A new film has been released in Australia designed to make people more aware of what Indigenous cultures have to offer. Tourism advocates want to increase activity and education of these cultures to lift up all of the country. The campaign was launched as a chance to empower Indigenous communities across the land.
Australia’s beautiful landscapes serve as the backdrop of the short film that was shot across New South Wales, Queensland, Western Australia and the Northern Territory. Its creators want to help an international audience realise the important role Indigenous people play in Australia’s history and natural beauty.
The film was created by Brendan Fletcher and Warwick Thornton – two of Australia’s leading film makers. It brings to life world-class Indigenous tourism experiences. These experiences range from coastal adventure activities to rainforest exploration, as well as urban life.
"From salt water people to fresh water people, from sunrise people to sunset people," Thornton has said to SBS Australia. "It's just got all the stuff that you want to celebrate about being Aboriginal and what we have to offer to the rest of the world in story and song and dance and showing people the different way of looking at country and land and looking at culture."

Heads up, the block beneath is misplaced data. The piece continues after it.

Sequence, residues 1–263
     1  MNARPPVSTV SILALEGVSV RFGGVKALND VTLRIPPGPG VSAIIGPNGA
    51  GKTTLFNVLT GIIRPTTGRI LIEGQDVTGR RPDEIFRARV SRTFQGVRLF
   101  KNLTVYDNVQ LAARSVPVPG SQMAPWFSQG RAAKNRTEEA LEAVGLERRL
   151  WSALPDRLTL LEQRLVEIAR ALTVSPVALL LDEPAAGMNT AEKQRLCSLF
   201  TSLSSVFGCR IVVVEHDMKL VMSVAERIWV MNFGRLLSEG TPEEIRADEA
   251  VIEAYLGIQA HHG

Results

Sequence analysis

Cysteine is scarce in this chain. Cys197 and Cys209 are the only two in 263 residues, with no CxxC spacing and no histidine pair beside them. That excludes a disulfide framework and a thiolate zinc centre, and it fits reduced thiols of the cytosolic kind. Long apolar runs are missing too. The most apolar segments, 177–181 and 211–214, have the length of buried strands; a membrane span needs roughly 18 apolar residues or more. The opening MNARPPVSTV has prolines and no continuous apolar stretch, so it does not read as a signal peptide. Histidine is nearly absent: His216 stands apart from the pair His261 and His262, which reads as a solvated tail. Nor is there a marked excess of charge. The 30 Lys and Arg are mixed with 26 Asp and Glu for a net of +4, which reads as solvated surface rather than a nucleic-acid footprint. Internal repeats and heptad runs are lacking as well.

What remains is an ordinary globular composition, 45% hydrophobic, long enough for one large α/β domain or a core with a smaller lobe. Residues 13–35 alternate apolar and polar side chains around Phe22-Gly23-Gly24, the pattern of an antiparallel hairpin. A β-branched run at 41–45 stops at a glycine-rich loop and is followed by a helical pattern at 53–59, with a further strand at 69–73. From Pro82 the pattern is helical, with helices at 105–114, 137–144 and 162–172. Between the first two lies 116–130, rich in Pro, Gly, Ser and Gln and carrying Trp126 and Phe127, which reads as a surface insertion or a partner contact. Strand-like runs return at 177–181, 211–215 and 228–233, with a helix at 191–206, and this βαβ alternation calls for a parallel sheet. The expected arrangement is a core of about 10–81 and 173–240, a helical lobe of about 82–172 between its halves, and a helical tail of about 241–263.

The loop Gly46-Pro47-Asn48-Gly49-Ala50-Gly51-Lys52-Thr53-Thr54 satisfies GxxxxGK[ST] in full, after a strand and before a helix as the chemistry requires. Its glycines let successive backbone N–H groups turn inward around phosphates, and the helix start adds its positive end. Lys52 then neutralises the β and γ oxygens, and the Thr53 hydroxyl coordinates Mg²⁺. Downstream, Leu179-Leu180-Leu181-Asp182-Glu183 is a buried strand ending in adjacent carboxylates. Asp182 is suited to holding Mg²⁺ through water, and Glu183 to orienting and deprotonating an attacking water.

The film will be promoted by Tourism Australia to help attract visitors from places like China, Indonesia, Germany, the UK, the United States, Malaysia and South Korea. Statistics based on tourist activities in the country have shown that only around 14 percent of tourists visiting Australia come in contact with or enjoy sites connected to Indigenous cultures. Tourism Australia has said they aim to increase Indigenous tourism by five percent each year.
Officials are hoping to create partnerships amongst local Indigenous tour operators.
There are cities throughout the country that are stops on popular escorted tours. Many of these tours include experiencing Indigenous cultures.
Thornton says the new campaign is also about Indigenous empowerment.
“For Indigenous people to see it, it's a celebration of who we are and how strong we are, which I find really important," he said.
Image Credit: Michael Coghlan (flickr.com)